The story behind the story is always fascinating.
The story being told at the West Baton Rouge Museum is about Frank Lloyd Wright's attention to interior detail, which included his furniture designs.
And the nucleus for this show is a chair he created for the Larkin Building, a Wright masterpiece designed in 1903 for the Larkin Soap Co. in Buffalo, New York.
The chair, as captured in a photo book of the building, was one of many surrounding a table. The book is included in this traveling show, "Frank Lloyd Wright: Architecture of the Interior," running through June 4 at the museum.
But this chair didn't come to the museum from New York. It was discovered in Denham Springs, along with three others, in the collection of Steve Diniz.
Diniz's interest in Wright began in childhood and was rekindled when he designed his first home in the 1990s.
"He tells the story of how Connie (his wife) called him from a thrift shop in Denham Springs and said, 'They have a set of those weird chairs that you like here,' " says museum director Julie Rose. "He told her not to leave, that he was coming straight there. They were chairs from the Larkin Building, and he bought them for a steal."
No one knows how the chairs ended up in Denham Springs, but Rose is happy one made it to the museum to complement the show, which also features reproductions of Wright's interior drawings and local collectors' reproduction furniture pieces officially approved by the Wright estate.
"This is definitely our centerpiece," Rose says of the chair. "It ties the exhibit together."
Adding local flavor to the show is furniture by Baton Rouge craftsman Ford Thomas, whose work has been exhibited nationally and published in national and international periodicals.
"It has a Frank Lloyd Wright aesthetic," says Rose of the four pieces Thomas loaned for the show.
Wright reproduction pieces from the collection of John and June Gonce also are included, and the show is complemented by a separate exhibit, "Stained Glass by Paul Dufour and Sam Corso of Dufour-Corso Studios" in the museum's glassed breezeway.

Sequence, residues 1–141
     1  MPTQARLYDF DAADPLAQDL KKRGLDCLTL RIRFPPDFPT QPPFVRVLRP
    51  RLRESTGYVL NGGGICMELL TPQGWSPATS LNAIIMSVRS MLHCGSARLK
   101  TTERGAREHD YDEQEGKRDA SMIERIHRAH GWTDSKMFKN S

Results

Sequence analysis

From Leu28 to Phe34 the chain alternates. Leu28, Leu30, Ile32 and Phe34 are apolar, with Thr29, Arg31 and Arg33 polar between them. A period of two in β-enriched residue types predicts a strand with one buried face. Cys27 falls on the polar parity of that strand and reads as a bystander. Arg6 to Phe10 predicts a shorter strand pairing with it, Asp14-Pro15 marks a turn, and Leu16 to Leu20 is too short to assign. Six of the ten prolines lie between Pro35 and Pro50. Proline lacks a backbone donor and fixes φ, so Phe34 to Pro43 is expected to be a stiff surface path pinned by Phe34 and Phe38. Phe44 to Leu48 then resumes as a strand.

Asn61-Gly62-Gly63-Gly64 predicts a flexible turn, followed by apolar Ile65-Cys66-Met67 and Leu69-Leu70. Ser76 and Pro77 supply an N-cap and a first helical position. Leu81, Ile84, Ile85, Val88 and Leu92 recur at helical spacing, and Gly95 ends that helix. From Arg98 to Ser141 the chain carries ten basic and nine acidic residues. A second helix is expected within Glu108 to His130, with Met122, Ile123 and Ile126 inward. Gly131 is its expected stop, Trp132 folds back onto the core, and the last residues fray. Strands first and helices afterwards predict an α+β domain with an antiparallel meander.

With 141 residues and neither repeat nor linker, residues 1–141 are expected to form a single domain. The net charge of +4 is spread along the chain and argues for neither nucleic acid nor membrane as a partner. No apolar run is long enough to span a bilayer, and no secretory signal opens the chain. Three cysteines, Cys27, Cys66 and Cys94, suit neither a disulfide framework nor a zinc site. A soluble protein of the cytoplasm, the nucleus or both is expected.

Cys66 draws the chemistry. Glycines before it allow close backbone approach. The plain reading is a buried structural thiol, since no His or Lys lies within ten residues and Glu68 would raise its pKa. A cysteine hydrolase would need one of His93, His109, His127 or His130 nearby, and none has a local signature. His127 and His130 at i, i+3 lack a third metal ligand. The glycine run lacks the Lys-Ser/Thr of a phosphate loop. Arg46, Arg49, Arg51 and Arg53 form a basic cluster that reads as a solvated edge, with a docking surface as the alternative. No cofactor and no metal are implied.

The traveling Wright exhibit was organized by International Arts & Artists in Washington, D.C., in cooperation with The Frank Lloyd Wright Foundation of Scottsdale, Arizona. It specifically explores the design of Wright’s houses, particularly the visual character of interior space and objects, and how they complete the big picture.
Wright, who was born in 1867 and died in 1959, saw the American lifestyle change during his seven-decade career, evolving from the formality of the Victorian period to an informal consumer-based ideology.
"Wright was determined to design a house reflecting a uniquely American way of living as it evolved," the exhibit's introductory label explains. "Rejecting the styles of the past, Wright used a vocabulary of abstraction and geometry based on forms found in nature to create a contemporary visual language in his architecture and design."
The show is Rose's last as the museum's director. She left at the end of April to become director of the Johns Hopkins University Museum system's Homewood Museum in Baltimore. Curator Angelique Bergeron will take the director's position.
Frank Lloyd Wright: Architecture of the Interior
WHEN: 10 a.m. to 4:30 p.m. Tuesday through Saturday; 2 p.m. to 5 p.m. Sunday. Through June 4.
WHERE: West Baton Rouge Museum, 845 N. Jefferson Ave., Port Allen
ADMISSION: $4; $2 for age 62 and older, students, AAA members and military plus tax.
INFO: (225) 336-2422 or westbatonrougemuseum.com